TOKYO – Asia’s factory activity slumped in June, business surveys showed on Monday, as sluggish demand in China and advanced nations clouded the outlook for the region’s exporters.
While manufacturing activity expanded marginally in China, it contracted in powerhouses Japan and South Korea as Asia’s fragile economic recovery struggled to maintain momentum.
The surveys underscore the toll China‘s weaker-than-expected rebound from COVID lockdowns is inflicting on Asia, where manufacturers are also bracing for the fallout from aggressive US and European interest rate hikes.
“The worst may have passed for Asian factories but activity lacks momentum because of diminishing prospects for a strong recovery in China‘s economy,” said Toru Nishihama, chief emerging market economist at Dai-ichi Life Research Institute.
“China is dragging its feet in delivering stimulus. The US economy will likely feel the pain from big rate hikes. These factors all make Asian manufacturers gloomy about the outlook.”
China‘s Caixin/S&P Global manufacturing purchasing managers’ index (PMI) eased to 50.5 in June from 50.9 in May, the private survey showed on Monday, staying above the 50-point index mark that separates growth from contraction.
The figure, combined with Friday’s official survey that showed factory activity extending declines, adds to evidence the world’s No. 2 economy lost steam in the second quarter.
The impact is being felt in Japan where the final au Jibun Bank PMI fell to 49.8 in June, returning to a contraction after expanding in May for the first time in seven months.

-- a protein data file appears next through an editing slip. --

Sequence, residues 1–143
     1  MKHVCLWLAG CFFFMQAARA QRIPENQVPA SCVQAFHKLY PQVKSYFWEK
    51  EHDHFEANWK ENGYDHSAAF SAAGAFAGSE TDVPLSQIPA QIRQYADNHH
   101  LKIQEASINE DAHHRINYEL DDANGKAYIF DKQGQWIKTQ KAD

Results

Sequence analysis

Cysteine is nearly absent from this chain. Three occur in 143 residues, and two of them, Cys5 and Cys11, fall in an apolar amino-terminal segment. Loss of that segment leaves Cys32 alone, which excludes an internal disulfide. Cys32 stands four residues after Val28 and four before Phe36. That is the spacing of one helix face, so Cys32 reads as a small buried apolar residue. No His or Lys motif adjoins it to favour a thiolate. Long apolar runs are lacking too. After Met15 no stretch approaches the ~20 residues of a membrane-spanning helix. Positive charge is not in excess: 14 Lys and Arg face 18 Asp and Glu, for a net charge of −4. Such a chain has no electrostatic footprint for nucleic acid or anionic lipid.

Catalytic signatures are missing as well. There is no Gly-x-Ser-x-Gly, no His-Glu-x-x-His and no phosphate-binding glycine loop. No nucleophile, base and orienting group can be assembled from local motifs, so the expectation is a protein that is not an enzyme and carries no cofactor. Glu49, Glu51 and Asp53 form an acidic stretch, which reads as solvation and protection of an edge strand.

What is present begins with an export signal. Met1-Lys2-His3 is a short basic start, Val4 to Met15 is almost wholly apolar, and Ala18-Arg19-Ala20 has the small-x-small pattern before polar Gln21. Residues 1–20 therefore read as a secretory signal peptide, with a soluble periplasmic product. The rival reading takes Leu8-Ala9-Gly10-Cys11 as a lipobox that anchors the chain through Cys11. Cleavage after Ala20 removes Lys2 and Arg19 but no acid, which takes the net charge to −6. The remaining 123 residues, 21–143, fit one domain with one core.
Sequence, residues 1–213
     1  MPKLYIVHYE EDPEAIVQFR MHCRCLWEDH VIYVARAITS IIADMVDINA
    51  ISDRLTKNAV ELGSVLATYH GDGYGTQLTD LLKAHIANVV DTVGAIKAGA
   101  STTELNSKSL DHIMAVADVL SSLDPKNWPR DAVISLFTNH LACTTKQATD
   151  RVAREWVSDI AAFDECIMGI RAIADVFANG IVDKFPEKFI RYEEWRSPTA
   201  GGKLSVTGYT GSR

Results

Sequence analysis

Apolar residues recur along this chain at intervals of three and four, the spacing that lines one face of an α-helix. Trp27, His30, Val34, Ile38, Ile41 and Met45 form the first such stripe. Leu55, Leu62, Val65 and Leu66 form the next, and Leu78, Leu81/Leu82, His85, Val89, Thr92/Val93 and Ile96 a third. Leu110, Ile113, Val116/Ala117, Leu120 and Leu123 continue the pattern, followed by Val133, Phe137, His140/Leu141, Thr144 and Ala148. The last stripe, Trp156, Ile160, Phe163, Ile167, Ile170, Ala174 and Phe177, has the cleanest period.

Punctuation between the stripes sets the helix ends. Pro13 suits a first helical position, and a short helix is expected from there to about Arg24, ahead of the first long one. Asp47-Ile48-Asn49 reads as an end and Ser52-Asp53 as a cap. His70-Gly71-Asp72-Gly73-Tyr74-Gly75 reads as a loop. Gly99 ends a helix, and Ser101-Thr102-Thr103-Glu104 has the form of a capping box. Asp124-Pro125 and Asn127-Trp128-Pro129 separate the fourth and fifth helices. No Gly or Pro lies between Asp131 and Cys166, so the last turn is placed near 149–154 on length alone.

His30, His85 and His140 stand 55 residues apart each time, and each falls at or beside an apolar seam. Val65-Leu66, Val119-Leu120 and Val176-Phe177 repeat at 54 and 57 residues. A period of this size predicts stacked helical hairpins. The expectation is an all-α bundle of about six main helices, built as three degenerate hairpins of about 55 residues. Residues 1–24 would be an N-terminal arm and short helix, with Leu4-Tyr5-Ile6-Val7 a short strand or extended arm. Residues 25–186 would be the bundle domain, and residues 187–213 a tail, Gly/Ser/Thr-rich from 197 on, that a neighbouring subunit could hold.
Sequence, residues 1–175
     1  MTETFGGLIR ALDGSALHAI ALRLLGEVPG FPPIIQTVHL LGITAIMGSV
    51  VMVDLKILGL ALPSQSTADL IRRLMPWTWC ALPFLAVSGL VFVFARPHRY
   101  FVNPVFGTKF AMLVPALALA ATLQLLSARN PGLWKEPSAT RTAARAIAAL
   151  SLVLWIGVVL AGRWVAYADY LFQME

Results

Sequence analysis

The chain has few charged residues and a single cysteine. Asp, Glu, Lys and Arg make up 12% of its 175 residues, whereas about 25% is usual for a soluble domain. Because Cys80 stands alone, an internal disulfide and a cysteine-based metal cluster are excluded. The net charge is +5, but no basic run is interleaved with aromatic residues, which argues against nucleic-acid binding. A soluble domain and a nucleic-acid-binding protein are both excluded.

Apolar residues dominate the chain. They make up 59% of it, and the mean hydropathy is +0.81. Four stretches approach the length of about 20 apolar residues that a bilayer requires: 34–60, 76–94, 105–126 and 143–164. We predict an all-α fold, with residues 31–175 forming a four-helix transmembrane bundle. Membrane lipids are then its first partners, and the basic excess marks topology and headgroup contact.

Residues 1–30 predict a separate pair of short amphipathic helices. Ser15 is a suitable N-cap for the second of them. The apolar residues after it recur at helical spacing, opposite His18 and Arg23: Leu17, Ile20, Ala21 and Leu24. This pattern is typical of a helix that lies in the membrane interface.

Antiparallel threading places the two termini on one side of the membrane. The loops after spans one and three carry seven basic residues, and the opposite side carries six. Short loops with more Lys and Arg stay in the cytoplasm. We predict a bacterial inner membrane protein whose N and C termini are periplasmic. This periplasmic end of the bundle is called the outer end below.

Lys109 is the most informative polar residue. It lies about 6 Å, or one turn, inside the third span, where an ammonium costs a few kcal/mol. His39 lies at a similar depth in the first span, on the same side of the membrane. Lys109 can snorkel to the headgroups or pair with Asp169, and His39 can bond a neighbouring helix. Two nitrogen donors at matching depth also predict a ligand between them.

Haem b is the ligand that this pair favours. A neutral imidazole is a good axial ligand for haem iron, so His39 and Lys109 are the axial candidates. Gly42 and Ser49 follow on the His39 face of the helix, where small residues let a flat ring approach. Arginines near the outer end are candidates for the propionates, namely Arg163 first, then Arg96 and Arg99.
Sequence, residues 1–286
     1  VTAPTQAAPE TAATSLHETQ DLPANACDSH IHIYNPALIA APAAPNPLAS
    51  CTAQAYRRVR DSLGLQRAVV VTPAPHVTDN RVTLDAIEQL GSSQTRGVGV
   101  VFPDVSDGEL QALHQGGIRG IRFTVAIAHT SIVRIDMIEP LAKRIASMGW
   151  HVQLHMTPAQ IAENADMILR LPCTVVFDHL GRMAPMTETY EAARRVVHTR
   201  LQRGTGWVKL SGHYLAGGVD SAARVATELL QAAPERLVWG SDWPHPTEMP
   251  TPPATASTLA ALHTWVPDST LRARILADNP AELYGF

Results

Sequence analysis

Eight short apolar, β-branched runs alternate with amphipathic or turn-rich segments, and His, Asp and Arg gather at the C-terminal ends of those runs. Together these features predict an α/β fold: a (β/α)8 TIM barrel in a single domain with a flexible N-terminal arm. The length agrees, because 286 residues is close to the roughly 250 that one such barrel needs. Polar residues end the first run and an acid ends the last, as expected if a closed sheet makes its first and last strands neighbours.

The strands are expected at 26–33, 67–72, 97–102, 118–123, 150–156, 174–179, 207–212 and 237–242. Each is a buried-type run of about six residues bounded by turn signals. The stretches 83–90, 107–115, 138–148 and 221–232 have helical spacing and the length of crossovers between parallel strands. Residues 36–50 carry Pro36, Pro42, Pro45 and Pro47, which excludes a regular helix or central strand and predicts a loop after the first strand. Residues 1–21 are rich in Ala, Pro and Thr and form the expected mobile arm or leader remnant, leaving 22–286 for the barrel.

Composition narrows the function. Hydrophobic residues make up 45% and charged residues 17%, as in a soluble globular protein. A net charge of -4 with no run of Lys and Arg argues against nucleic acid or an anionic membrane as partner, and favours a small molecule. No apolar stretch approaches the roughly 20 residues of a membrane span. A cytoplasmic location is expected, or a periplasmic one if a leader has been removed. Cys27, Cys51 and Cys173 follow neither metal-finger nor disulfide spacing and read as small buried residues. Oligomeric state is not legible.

New orders from overseas customers decreased in June at the fastest rate in four months reflecting feeble demand from China, the Japan PMI survey showed.
South Korea’s PMI fell to 47.8 in June, from 48.4 in May, extending its downturn to a record 12th consecutive month on weak demand in Asia and Europe.
Factory activity also contracted in Taiwan, Vietnam and Malaysia, the PMI surveys showed.
Asia’s economy is heavily reliant on the strength of China‘s economy, which saw growth rebound in the first quarter but subsequently fell short of expectations.
The fate of Asia’s economy, including China‘s, will have a huge impact on the global economy with aggressive monetary tightening to curb inflation likely to weigh on U.S. and European growth.
In forecasts released in May, the International Monetary Fund said it expects Asia’s economy to expand 4.6% this year after a 3.8% gain in 2022, contributing around 70% of global growth.
But it cut next year’s Asian growth forecast to 4.4% and warned of risks to the outlook such as stickier-than-expected inflation and slowing global demand. – Reuters